Let me share a personal story with you while your here! I’ve been working actively in the Auto Repair industry for the past 12 years and I have plenty of stories I can share. I was performing a blown head gasket repair on an Isuzu Rodeo, which I had previously diagnosed. Any professional auto technician here in the states will have horror stories about working on Isuzu vehicles, and I have one I can share now too! As I am tearing down the un-kept and dirt & crud infested cylinder heads, I would occasionally stop and block off any open ports where debris could entire, then using compressed air, blow out as much crud as I could, and generally clean as I go along. Much to my surprise, the job wasn’t as bad as expected. I found my blown head gasket and proceeded to clean meticulously this nasty engine and begin the rebuild process. Cleaning coolant and engine oil out of all the orifices and ports and furthermore inspecting blind bores using a bore scope to ensure all was debris free. Just a side-bar note here: The coolant pipe (Hard-Pipe) that connects to both cylinder heads at the rear of each head is a “pain-in-the-arse” to reconnect due to extremely limited space. So frustration was building and they seemed to leak no matter my remedy. Needless to say after many, many minutes, I was successful and moved on to complete the repair.
After many hours of work, I started the vehicle and was immediately greeted with a knocking noise deep within the engine. My first thought was residual coolant in the intake runners got into the cylinder and was knocking, possibly a bent connecting rod, and that pesky knock never went away. I checked for trouble codes and misfires but found none. The vehicle ran normally minus this new knocking sound. As with every job performed, a Technician immediately performs an inventory of tools to ensure all are accounted for, and all of mine were. All hardware was accounted for and no remaining parts either. After hours of deliberation, I/we had no choice but to tear down this one cylinder bank to find the source of the knock. This meant more than just another tear down (labor) but also meant new gaskets and head bolts that are torque-to-yield! Once the cylinder head was removed, the problem was identified immediately. A Torx bit had fallen into the intake runner, past an open valve, and right onto the top of the piston. How could that be, all my tools were accounted for. I use Snap On Torx bits that are shouldered for 1/4″ drive or larger.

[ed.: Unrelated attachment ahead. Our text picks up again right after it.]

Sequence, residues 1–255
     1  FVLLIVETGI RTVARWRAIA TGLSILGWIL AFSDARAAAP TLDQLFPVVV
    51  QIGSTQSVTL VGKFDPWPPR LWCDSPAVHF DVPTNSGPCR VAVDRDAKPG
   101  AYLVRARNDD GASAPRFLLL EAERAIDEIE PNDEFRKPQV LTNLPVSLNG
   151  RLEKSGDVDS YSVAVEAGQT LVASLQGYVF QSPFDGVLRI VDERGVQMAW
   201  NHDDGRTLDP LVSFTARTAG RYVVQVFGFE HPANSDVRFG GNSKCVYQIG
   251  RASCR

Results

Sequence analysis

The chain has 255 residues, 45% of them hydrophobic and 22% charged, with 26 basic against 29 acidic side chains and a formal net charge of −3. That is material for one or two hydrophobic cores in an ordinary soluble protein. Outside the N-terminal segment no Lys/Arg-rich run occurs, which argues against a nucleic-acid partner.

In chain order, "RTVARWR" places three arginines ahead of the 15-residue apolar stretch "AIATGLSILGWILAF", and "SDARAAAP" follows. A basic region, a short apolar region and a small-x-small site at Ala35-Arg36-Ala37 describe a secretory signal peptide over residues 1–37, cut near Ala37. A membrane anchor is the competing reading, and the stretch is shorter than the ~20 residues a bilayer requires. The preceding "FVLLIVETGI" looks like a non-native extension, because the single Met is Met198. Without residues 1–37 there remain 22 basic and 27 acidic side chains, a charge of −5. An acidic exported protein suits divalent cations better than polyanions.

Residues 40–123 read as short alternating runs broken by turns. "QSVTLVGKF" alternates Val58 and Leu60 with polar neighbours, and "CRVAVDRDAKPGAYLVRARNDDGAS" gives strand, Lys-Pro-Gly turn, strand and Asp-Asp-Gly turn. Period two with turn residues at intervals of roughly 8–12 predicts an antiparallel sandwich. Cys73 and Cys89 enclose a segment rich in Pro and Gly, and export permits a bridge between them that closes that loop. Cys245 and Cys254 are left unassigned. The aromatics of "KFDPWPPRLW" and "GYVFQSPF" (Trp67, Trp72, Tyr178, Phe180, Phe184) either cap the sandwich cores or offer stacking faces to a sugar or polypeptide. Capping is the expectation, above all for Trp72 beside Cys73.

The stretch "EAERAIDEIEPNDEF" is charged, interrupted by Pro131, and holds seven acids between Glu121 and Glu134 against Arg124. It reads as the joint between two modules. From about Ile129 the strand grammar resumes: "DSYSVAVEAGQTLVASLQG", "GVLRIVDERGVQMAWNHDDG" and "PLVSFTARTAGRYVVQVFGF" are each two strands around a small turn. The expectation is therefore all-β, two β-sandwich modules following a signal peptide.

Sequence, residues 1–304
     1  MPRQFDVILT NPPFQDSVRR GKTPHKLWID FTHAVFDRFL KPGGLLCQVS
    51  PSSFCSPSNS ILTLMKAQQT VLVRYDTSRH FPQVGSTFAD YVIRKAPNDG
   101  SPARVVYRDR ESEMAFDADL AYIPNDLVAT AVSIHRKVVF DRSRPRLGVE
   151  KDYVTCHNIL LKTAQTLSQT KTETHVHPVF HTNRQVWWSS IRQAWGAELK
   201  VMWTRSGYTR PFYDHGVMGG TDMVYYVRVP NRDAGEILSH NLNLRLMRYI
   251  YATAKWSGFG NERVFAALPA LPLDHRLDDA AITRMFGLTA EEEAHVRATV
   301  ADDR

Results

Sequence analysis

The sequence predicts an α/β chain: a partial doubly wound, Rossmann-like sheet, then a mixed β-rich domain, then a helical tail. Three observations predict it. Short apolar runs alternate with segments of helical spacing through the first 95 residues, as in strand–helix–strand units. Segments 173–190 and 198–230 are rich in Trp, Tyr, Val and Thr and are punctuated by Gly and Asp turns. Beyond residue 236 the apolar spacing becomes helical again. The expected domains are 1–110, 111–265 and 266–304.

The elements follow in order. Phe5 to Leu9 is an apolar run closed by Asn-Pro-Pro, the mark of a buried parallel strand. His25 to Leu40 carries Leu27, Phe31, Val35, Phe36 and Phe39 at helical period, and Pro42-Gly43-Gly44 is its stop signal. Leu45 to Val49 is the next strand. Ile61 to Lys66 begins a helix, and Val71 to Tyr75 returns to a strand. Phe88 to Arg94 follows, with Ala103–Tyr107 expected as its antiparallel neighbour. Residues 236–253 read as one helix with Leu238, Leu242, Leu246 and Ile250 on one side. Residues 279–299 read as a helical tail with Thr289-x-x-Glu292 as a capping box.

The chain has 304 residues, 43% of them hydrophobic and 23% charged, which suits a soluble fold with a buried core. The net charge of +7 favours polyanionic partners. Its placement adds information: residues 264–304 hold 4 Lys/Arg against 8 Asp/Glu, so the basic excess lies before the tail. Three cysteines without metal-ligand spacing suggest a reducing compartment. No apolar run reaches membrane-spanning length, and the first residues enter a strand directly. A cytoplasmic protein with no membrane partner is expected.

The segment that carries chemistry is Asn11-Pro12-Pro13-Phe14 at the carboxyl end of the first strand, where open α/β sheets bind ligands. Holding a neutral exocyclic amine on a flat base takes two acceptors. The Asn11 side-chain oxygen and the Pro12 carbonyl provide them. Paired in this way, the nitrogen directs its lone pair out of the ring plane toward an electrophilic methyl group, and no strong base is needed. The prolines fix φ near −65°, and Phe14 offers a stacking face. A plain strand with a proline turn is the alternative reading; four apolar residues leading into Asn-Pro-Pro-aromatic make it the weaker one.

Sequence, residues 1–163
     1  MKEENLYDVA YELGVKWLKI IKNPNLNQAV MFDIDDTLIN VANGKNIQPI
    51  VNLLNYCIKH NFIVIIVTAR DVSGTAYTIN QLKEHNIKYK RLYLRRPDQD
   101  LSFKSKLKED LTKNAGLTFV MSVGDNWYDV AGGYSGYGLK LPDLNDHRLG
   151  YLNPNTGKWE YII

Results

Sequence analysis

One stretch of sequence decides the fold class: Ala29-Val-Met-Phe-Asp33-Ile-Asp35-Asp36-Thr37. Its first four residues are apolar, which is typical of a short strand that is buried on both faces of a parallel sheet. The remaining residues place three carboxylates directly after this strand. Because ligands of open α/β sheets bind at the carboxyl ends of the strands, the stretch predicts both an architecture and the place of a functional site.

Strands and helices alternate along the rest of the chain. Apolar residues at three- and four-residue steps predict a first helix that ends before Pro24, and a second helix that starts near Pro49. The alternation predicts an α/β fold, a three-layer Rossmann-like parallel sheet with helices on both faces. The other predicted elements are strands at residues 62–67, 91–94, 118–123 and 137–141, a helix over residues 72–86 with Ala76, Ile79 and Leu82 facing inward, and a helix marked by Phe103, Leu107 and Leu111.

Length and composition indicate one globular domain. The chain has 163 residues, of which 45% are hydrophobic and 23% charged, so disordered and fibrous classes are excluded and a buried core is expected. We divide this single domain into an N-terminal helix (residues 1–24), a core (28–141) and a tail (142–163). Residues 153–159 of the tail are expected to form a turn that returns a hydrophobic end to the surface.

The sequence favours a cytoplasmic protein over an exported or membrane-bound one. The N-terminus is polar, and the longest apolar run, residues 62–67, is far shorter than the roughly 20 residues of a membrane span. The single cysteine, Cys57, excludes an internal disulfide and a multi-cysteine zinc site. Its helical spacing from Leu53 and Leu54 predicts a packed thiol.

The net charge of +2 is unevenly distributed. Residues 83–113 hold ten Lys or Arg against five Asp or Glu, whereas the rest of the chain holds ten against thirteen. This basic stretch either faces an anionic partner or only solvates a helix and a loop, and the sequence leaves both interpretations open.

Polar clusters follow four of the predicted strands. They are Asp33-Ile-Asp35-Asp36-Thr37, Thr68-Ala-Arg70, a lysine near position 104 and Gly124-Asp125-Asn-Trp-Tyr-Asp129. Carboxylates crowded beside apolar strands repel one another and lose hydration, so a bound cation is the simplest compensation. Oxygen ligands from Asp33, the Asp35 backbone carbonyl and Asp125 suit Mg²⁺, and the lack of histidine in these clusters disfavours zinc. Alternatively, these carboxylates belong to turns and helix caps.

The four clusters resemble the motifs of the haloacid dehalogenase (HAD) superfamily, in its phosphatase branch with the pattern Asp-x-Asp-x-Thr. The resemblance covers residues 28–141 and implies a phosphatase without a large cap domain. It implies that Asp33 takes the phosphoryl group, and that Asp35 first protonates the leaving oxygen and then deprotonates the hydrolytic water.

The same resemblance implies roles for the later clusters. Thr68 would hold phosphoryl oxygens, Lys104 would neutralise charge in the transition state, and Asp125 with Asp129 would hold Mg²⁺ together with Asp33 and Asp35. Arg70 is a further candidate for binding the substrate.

Here’s what happened, to the best of my knowledge. Other people had been working on this engine prior to my working on it. Someone lost a bit and didn’t bother to find it or couldn’t find it and there it stayed, until reinstalling components (from the cruddy engine) at which point, it was no longer lost, nor did I even know it was there. So the moral of the story: Just because you’re meticulous about your work, doesn’t mean other peoples carelessness won’t creep up on you. While I routinely clean my parts before reassembly, and knowing it was not in the cylinder when I installed the cylinder head, it could only have fallen into the chamber at some point AFTERWARD and I failed to catch it. That was on me (and not the customer) even though I was not directly at fault. That was lost revenue and more importantly for me, TIME!